Plenty of ways to say “hi”
I can’t explain all the beautiful and strange ways we are communicating with Owen’s spirit. I can tell you, that we are. I can tell you that Emmitt (my brother, not Owen) and I have experienced the loss of so many loved ones from very early ages, that the subjects of death and dying, were never hidden, never taboo. Mom never prevented us from remembering.
My brother called me this evening, right in the middle of having my car towed. Yes, even cars die. Mine did, on my way home from work, after a day that was fairly easy. But, easy days at work, don’t mean I can’t wait to get home. Home is where I feel Owen the most. Any delay in arriving, is one that causes me great anxiety. I am often reminded that these delays are designed to make me sit still. Sitting still is the time I am forced to accept what is. So, anxious, is what I become.
When I finally got home, after the tow truck dropped my car off at the shop, and after I took a taxi cab home, I called Emmitt back. He said, “Okay, so, are you ready?” I knew immediately that someone else had died. He told me who and how, and we recalled our young lives with Frank James and Michael Dunnagan.
Michael died the day after Dave and I moved with Nat and Owen (plus 8 cats and a dog) from San Diego to Washington, back in 2003. Dunnagan crashed his car into a tree, after a night of playing music in a local club. Frank, who was Michael’s best friend for the years they were involved in theater together, died 11 days ago. How? He crashed his car into a tree, on his way to church.
Neither accident was mysterious, as far as we know. Just accidents of timing and circumstances, as is so often the case.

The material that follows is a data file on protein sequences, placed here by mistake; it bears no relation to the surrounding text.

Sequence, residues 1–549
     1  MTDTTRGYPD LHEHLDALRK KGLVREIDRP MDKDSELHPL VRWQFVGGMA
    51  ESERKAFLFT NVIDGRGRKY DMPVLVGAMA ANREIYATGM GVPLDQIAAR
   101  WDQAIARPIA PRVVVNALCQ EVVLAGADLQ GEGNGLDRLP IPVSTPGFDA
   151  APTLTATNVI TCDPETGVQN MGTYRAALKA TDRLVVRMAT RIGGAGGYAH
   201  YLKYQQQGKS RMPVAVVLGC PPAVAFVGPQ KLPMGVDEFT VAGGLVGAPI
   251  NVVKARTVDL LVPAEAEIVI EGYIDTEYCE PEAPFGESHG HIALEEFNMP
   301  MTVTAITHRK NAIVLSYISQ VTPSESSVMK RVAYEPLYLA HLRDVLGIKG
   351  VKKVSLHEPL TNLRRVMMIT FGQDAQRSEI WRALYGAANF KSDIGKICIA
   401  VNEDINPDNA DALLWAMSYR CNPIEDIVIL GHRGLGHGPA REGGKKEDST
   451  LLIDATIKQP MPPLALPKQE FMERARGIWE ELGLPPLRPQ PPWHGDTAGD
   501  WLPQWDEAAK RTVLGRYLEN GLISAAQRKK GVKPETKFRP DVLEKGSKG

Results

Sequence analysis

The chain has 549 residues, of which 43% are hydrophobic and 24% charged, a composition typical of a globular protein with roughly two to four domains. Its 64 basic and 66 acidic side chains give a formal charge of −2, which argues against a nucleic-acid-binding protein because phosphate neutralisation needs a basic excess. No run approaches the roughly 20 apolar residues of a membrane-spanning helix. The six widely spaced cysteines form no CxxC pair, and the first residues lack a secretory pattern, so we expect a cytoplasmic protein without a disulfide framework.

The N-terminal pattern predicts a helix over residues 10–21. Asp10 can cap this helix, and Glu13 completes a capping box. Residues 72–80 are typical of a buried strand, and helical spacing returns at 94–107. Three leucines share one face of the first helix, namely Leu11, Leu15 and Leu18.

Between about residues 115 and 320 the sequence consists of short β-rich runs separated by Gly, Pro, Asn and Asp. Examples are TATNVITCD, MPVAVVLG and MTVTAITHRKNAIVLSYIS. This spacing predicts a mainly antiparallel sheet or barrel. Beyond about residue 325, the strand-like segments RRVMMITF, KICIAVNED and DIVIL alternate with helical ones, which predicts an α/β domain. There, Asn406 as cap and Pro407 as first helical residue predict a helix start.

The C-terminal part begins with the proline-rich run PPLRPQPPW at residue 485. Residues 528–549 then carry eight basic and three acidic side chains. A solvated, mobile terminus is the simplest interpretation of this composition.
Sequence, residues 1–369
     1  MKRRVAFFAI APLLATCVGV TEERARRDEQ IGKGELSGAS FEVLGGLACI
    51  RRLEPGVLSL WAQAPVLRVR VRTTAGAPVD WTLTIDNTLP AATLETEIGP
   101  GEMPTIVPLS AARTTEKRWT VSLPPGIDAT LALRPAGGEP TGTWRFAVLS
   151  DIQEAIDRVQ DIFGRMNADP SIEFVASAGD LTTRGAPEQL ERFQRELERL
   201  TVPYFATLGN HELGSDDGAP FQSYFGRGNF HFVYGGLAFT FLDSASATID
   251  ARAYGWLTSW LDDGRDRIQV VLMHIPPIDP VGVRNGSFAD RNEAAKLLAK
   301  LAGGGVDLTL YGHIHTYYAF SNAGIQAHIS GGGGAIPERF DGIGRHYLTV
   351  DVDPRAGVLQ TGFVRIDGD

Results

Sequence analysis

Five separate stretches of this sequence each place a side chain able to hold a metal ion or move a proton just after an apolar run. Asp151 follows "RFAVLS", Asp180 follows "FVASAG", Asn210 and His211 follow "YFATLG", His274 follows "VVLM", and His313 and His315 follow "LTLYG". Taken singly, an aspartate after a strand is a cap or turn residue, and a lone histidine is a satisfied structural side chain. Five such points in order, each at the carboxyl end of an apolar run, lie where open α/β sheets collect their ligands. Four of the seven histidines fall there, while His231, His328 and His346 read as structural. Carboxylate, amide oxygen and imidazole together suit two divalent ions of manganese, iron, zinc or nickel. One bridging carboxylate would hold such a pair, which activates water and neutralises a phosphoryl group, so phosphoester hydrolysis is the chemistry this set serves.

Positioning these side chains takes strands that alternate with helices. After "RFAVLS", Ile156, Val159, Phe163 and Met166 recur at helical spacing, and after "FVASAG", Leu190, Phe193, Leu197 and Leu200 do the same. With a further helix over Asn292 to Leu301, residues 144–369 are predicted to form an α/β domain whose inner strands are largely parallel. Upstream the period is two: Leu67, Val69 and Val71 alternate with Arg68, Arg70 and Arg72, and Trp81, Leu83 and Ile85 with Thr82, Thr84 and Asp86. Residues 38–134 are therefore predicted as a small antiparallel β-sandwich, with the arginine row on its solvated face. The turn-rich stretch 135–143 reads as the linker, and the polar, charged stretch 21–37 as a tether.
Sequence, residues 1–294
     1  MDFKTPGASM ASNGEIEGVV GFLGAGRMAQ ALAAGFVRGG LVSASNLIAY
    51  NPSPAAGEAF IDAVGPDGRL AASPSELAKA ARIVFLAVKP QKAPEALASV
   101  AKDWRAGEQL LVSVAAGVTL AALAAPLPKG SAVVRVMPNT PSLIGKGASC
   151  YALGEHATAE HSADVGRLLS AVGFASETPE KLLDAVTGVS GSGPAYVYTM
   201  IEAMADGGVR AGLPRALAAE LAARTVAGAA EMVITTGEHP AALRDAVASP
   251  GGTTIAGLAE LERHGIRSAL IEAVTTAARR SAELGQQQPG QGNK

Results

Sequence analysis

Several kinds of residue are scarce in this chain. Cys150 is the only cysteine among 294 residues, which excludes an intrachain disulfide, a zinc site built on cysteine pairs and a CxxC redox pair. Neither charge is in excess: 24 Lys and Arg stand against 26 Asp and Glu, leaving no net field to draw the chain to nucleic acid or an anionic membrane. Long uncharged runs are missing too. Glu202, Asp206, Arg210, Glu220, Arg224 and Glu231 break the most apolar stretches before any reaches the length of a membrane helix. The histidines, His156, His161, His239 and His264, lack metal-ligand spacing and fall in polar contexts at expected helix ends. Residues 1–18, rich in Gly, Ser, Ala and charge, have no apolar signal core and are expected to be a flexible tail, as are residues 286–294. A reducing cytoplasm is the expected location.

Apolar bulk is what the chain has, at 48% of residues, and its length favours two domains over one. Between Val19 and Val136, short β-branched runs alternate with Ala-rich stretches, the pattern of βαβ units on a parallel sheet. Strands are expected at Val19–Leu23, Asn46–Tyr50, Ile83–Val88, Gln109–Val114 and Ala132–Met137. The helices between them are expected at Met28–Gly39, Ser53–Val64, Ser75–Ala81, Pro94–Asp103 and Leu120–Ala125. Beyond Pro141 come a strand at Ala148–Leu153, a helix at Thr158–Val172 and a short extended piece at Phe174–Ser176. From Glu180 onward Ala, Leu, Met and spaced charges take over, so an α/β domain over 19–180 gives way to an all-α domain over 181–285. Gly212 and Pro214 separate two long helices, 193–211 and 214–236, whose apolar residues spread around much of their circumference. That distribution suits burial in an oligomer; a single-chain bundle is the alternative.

The bunch of us began our friendships in our teens, and continued close relations through our 20s and early 30s. We heard news of each other in the remaining years through other friends, and infrequently by way of email. As the younger sister of Emmitt’s older crowd, my updates were less frequent.
Emmitt and I talked about the evenings we spent watching Michael and Frank in various plays. ”Waiting for Godot” was the last play I saw Michael and Frank perform together. Emmitt said his favorite line from that play was and still is, “Are we having fun yet?” I thought about all the years this phrase has been part of our everyday parlance. I can most certainly confirm, that right at this moment, we are not having fun.
Lea Kelley and I have had some particularly strange days (oh, “Strange Days” was one of Owen’s favorite Doors songs) since last Friday. The details are too fresh and unbelievable, but given our addiction to recording details, we will share soon. We will share Carla’s photo of Owen called “echo” and we will share Lea’s printer’s impression of that photo. Then, we will share how that printout influenced her painting of “88 Days on Mercury”. When I showed my copies of the original photo, Lea’s printout, and Lea’s painting to my counselor, she said, “There are plenty of ways to say “hi”. I couldn’t agree more. Owen often stops by to say “hi”.
Tonight, Frank stopped by to say “hi” and I feel that he and Michael are sitting on a bench together, no longer “Waiting for Godot” but asking, “Are we having fun yet?” I hope they have gathered Owen into their play, and that they are indeed, having fun. Were the timing different, Owen would have most certainly wanted to hang out with Michael and Frank. They were all unique, adventurous, dramatic, and waiting. They no longer wait. They stop by to say “hi”.
Song for the night: In My Life, Beatles http://youtube.com/watch?v=uKfEnoBJPms